If a person is suspected to have kidney cancer due to the presence of signs and symptoms, some investigations are required to confirm the diagnosis of the disease. Further, these investigations can help in determining the extent of loco-regional invasion or spread of the disease to other body parts, which in turn help in choosing an appropriate treatment option. Following are some commonly used diagnostic tools for kidney cancer:
1. Urinalysis: In this test, a urine sample (collected from the patient presented with symptoms of kidney cancer) is tested in a laboratory for the various biochemical parameters, including blood cells (RBCs and WBCs). Apart from this, urine culture and urine cytology are also performed to exclude any possibility of urinary tract infection and transitional cell carcinoma of the lower urinary tract, respectively. These conditions can also produce symptoms similar to that of kidney cancer.
2. Ultrasound: In this technique, a special probe is used, which directs very high-frequency sound waves towards the internal body parts to be examined. The sound waves are reflected off the internal structures depending upon their ability to reflect these waves and collected by a special detector to produce a real-time image of the internal tissues on a computer screen. This test can distinguish between solid tumors (appear as a solid mass) and fluid-filled cysts. This test can also provide information regarding bilateral kidneys involvement, and ascites (abnormal collection of fluid), if any. It also enables collection of biopsy samples from the affected area via a special biopsy instrument.
3. Imaging Tests: These tests are generally employed after the establishment of the pathological diagnosis. They help to detect the spread of disease to distant body parts and assess the stage of the disease so that an appropriate treatment option can be selected. Alternatively, these tests are employed after treatment to evaluate the treatment efficacy and to detect disease response, progression, or recurrence.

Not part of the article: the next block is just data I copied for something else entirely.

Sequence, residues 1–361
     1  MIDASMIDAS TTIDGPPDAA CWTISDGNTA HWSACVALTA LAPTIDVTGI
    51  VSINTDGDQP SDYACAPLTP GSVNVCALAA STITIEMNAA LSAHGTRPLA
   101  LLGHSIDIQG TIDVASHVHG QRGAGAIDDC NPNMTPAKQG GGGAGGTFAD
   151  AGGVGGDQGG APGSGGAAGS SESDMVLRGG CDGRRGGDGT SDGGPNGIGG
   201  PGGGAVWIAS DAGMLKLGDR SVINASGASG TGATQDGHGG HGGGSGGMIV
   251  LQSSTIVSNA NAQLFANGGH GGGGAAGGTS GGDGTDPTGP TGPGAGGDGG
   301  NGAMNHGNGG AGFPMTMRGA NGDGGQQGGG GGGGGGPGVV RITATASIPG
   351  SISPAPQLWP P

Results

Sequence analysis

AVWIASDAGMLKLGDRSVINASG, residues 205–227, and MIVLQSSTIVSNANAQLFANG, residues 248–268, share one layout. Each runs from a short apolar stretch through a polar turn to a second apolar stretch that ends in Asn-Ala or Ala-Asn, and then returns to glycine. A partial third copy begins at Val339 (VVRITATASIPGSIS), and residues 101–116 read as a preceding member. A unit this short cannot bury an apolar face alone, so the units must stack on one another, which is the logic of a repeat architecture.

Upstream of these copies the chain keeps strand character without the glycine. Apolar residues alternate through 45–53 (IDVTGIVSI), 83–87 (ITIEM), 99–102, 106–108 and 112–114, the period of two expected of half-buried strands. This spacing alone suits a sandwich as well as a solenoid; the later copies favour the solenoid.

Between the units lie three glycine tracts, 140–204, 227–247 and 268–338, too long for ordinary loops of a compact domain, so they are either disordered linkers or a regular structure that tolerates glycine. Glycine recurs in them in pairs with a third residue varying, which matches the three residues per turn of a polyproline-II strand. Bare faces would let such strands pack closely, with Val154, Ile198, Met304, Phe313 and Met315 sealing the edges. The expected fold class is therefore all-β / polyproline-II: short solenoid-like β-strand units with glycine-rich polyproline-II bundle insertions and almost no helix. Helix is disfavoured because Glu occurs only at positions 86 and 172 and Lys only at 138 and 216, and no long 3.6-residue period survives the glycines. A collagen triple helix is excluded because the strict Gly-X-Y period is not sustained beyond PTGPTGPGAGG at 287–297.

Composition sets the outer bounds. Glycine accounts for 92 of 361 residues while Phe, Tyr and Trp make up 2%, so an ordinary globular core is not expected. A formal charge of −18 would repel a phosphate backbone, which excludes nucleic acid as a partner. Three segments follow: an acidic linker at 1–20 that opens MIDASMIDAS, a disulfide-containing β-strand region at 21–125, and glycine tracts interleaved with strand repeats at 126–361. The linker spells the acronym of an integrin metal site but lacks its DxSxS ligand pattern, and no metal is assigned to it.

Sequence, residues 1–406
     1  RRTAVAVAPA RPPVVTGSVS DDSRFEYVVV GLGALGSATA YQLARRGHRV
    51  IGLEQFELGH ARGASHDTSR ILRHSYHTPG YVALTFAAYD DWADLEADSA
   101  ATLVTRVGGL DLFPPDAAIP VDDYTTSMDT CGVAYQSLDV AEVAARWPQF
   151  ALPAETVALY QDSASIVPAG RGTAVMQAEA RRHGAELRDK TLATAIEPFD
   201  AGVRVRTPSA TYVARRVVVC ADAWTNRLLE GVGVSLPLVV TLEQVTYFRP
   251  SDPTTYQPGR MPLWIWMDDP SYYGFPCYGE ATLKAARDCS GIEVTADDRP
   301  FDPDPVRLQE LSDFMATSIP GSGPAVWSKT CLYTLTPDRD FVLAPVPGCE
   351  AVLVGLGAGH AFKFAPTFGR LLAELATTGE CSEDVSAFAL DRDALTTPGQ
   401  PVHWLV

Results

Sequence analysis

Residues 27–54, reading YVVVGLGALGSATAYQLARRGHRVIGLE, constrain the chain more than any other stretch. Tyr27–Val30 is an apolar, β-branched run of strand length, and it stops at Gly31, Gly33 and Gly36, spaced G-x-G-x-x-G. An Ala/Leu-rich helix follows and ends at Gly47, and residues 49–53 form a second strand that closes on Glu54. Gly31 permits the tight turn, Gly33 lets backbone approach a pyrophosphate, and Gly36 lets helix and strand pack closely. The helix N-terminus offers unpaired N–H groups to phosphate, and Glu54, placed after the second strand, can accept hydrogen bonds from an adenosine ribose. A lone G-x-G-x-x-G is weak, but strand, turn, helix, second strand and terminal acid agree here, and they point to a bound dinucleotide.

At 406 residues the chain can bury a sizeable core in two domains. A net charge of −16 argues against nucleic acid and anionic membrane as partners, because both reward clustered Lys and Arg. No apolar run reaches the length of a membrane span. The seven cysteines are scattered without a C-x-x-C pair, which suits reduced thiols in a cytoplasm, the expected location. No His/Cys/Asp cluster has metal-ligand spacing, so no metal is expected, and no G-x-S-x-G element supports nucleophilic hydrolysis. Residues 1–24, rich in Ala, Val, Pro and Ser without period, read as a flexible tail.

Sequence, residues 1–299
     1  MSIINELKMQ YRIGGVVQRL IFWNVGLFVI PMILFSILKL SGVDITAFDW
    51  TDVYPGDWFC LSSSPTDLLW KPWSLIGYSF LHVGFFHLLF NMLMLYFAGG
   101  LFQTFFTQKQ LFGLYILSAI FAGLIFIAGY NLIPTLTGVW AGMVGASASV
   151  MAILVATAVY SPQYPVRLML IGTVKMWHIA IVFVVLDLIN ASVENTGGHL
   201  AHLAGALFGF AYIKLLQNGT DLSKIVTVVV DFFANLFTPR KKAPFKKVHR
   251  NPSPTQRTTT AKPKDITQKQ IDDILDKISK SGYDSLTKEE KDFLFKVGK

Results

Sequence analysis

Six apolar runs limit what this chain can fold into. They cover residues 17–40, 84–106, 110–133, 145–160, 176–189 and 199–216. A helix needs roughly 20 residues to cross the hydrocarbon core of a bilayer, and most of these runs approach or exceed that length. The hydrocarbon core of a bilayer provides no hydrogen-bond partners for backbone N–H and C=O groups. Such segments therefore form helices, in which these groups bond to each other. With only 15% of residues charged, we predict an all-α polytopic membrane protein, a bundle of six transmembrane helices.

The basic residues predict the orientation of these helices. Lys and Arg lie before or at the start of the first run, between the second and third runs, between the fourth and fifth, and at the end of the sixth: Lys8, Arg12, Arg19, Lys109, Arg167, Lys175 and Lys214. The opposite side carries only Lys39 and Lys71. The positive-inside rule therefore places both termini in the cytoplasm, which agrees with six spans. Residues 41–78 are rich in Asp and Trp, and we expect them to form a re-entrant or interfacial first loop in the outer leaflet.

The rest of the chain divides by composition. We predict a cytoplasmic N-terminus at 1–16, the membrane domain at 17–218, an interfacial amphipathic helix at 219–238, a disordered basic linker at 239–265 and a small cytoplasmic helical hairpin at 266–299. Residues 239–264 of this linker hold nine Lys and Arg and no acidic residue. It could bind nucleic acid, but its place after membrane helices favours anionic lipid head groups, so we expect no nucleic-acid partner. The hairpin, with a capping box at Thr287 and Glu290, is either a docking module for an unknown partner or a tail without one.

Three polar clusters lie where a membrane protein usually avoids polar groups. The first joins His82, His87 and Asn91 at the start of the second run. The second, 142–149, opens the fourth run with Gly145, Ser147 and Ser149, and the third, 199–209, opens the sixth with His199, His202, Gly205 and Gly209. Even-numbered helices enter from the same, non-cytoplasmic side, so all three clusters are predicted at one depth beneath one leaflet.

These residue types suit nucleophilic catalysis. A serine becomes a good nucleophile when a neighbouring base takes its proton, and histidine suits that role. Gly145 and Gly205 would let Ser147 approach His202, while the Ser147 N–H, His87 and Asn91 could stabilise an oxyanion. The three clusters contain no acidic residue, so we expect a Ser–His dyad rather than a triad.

-Computed tomography (CT) scan: In this technique, detailed cross-sectional images of body organs are generated using x-rays, with or without a contrast medium. It can help diagnose the spread of disease to nearby/distant lymph nodes and other organs, and may also be used to guide a biopsy needle into the affected area.
-Magnetic resonance imaging (MRI) scan: This technique provides detailed images of tissues inside the body using radio waves, a strong magnetic field, and gadolinium contrast. It can accurately diagnose the extent of invasion and spread of disease to nearby/distant body parts.
-Positron emission tomography (PET) scan: This technique uses a radioactive substance (e.g.fluorodeoxyglucose [FDG]) that is given intravenously prior to the procedure. Cancer cells absorb larger amounts of the radioactive substance than normal cells. The areas of higher radioactivity indicate cancerous tissue on the PET scan. Thus, this technique can diagnose the spread of disease to distant body parts. It is usually combined with CT scan (PET/CT).
-Intravenous pyelogram (IVP): In this technique, various x-ray images are taken of the urinary system after injecting a contrast (dye) into patient’s vein. The dye outlines the complete urinary system on the x-ray images and is excreted in the urine by kidneys. This helps the doctor to examine the urinary tract for any abnormal areas.
-Bone Scan: In this test, a radioactive material is injected into the vein of the patient, which gets accumulated in the areas of bones affected by the disease, which are then detected with the help of radioactivity detectors. In this way, it may help to detect the spread of cancer to bones.
4. Laboratory Tests for Biopsy Samples: Biopsy samples contain a small number of cells or a tiny piece of tissue collected from the affected area or lymph node with the help of biopsy instrument. These samples provide very useful information about the cancer cells such as the type of cancer, the severity of cancerous changes involved, and the presence of specific defective genes or proteins.
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